Trial will test Kilpatrick's ability to take a hit, keep rolling - DC News FOX 5 DC WTTG

Trial will test Kilpatrick's ability to take a hit, keep rolling

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Former Detroit Mayor Kwame Kilpatrick (pictured right)  (Credit: MyFox Detroit) Former Detroit Mayor Kwame Kilpatrick (pictured right) (Credit: MyFox Detroit)
DETROIT (MyFox Detroit) -

I was going to write a couple of days ago about what a drag it must be for Kwame Kilpatrick to sit in a courtroom day after day, listening to people who may decide where he spends the next 20 years talk about how much talent and potential he had.

And how badly he blew it.

Amazingly, Kilpatrick listened to all of this with a stony countenance. Surely it's something he's thought about almost every day since he was forced out of office in 2008. But if it still bothers him, he's not letting on.

But as we prepare for opening statements in what is arguably the biggest trial in Detroit political history, it strikes me that we're in the midst of something that is probably momentous enough to push all other thoughts out of the former mayor's mind. And, of course, there's that amazing ability to compartmentalize that Kilpatrick has shown over the years. My first hint of it came in early 2002, about a month after he succeeded Dennis Archer. Reflecting on the minor missteps he'd made, he shared the advice he said an old football coach had given him: "If you're going to make a mistake, make an aggressive mistake."

It'd be the only advice he's ever heeded.

Since then, I've seen Kilpatrick's flair for self-preservation manifest itself over and over. It goes something like this: That didn't work. Damn. S--- happens. Nothing I can do about it now. I'll just leave it for everyone else to deal with and move on. NEXT!

That ability to take a hit and keep rolling will be sorely tested over the next four months.

It's bad enough that prosecutors will try to use his own words -- tapped into a Blackberry and, I suspect, captured in phone calls to his dad's wiretapped line -- against him. The government also has persuaded long-time friends to betray him as part of plea deals that will reduce the amount of time they will serve in prison.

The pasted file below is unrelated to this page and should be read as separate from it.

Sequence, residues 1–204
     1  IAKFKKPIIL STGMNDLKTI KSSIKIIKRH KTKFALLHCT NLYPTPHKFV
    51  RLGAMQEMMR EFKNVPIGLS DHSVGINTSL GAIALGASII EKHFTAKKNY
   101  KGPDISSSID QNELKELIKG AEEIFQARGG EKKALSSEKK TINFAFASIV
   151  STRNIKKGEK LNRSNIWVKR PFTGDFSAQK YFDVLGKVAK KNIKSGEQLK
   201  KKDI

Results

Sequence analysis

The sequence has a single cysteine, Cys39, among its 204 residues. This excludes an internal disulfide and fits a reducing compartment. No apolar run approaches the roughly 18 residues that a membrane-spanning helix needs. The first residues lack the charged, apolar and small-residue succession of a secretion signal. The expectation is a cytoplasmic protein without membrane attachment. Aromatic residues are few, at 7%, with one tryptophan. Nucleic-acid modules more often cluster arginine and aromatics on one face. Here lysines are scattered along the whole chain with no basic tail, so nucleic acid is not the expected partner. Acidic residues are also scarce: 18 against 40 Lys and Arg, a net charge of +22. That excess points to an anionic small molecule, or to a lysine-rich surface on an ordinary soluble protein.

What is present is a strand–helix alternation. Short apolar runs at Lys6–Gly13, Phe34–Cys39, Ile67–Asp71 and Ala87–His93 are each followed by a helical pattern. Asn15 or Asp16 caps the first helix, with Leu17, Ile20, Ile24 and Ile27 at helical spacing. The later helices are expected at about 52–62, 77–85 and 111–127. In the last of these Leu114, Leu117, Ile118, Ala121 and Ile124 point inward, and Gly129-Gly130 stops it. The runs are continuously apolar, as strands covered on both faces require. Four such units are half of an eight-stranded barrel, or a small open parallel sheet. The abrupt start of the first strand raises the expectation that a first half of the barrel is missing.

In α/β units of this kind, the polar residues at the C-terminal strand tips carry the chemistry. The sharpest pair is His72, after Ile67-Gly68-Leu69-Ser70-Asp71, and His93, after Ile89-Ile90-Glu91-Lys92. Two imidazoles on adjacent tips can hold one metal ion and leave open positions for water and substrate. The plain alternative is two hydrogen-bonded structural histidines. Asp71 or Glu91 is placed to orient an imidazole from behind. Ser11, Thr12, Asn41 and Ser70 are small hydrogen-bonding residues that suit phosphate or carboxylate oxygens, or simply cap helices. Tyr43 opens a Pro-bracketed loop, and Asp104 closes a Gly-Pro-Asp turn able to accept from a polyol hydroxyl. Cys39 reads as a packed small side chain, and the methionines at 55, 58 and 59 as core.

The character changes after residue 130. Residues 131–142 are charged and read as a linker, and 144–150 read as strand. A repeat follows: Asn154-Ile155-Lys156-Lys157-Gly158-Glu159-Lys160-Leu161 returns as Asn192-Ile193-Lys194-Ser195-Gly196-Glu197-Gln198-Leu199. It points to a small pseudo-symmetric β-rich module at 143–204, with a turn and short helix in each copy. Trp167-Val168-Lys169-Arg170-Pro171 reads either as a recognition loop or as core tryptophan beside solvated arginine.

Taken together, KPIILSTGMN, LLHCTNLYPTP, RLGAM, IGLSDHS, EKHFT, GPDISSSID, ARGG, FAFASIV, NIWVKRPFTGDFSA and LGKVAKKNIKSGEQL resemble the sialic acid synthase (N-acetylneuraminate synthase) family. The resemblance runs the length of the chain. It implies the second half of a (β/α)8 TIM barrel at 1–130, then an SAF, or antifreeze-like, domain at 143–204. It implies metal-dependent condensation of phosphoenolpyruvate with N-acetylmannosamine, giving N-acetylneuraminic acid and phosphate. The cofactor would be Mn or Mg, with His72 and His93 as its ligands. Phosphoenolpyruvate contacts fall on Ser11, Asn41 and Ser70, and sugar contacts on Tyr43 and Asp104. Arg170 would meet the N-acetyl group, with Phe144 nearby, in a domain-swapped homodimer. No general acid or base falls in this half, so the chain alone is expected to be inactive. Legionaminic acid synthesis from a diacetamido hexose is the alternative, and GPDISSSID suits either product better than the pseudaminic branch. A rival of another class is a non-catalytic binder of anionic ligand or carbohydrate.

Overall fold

Over the last few days of jury selection Kilpatrick seemed less jovial, almost like it was sinking in that warmups were almost over and the game was about to begin. Only in this game, the stakes are like the kind you'd find on an old episode of the Twilight Zone, in which the local hero goes up against the devil. That's not to say that Uncle Sam is the devil, but to Kilpatrick -- who feels the feds are out to crush his very soul -- Unkie Sam must look a lot like Ol' Scratch wearing a star spangled top hat.

Even if Kilpatrick was sincere when he told a ballroom full of journalists he met with last month that he is looking forward to the celebration that will take place when he's exonerated, even this most confident of men must harbor some lingering doubt that things will go wrong.

When the incredulous reporters challenged his confidence that he will beat the rap, the former star athlete said he's never heard a coach give a pep talk that involved preparing the team for defeat.

I reckon that's true enough. I've coached a lot of losing teams and I don't recall ever telling the kids to get ready for a shellacking (though there WAS that time we had only 7 skaters against Mt. Clemens ...).

At any rate, Kilpatrick delivered a damn good line.

If he were a lesser man looking for advice, I'd offer him this maxim that has served me well over the years: "Hope for the best ... but prepare for the worst."
 
Follow M.L. Elrick's coverage of the Kilpatrick & Co. trial daily on Fox 2 and at www.myfoxdetroit.com. Contact him at ml.elrick@foxtv.com or via Twitter or Facebook.

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